The Galapagos finch discussion was also a misrepresentation of evolutionary theory. The Galapagos Islands have several species of finches. Most biologists believe they are derived from one ancestral species that arrived on the island, went to other islands, and adapted to each enough to fill different niches and to fail to breed with the others when they did overlap. Modern studies have shown two things: first, that two species with slightly different beaks develop greater differences in their beaks when they live on the same island than they do when they live separately. This is called “character displacement.” Second, that periods of extreme selection pressure cause some members of a species to die and leave the remaining members of the species with different character traits and a population with different genetic composition.

Both of these types of studies answer the question, “In real time, can we see evidence that natural selection changes the genetic ratios in a population?” The answer is yes. Neither study is an example of permanent change. Evolutionary theory does not suggest that they are. Tackett mentions only one study from a thirty-year period of finch studies. In the study he describes, finch beaks change size in a population as a result of drought. Tackett claims that the subsequent return of beak sizes to the original when the weather returned to normal was a sign that evolutionary theory is wrong.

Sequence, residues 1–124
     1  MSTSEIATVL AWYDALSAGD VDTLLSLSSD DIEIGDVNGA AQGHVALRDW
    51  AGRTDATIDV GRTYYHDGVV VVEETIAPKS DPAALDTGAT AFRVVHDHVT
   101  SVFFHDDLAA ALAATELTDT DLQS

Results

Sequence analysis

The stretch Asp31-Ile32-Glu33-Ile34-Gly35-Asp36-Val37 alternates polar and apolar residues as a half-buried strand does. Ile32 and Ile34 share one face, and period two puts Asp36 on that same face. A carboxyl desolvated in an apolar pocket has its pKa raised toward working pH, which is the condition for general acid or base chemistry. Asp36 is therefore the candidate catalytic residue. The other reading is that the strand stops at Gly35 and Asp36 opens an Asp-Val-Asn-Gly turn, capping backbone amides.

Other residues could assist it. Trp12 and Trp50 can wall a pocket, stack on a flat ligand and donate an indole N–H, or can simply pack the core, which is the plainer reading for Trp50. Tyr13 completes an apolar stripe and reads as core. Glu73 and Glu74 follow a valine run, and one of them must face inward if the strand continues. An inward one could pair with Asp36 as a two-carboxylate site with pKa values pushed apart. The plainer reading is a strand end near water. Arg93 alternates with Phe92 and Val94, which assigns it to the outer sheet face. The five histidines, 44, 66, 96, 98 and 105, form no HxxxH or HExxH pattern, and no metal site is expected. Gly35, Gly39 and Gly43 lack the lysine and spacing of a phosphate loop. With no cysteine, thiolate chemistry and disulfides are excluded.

An evolutionist would say, “What? Of course you would expect that outcome!” If the environment changes once to select for a change in characteristics and then the environment changes again so that the original traits are selected for, evolutionary theory would predict that population allele frequencies SHOULD return to the original.

Scientists making claims about Galapagos finches are not claiming that a short-term drought is the reason we have so many species of finches. They believe a variety of effects including the founder effect, the bottleneck effect, behavioral and other types of isolation, and natural selection affecting birds on individual islands have all been a part of producing speciation events over long periods of time and that the events we see in real time support a pattern we would expect to see if this were true.

Finally, Tackett does not clearly spell out an alternative to evolutionary theory that would be supported by science and the Bible. He does not seem to be claiming young earth creationism, as he would need to address the age of the earth. If he believes the earth to be old, the alternative cannot be as simple as God creating on seven individual days, whether all at once a short time ago, or separated by millions of years. The millions of species that have lived on the planet appear in the fossil record at millions of different times. The order is not exactly the same as that in Genesis 1, and so any alternative that does not include evolution would need to have millions of individual acts of separate creation in a pattern that does not clearly match a traditional reading of the Bible.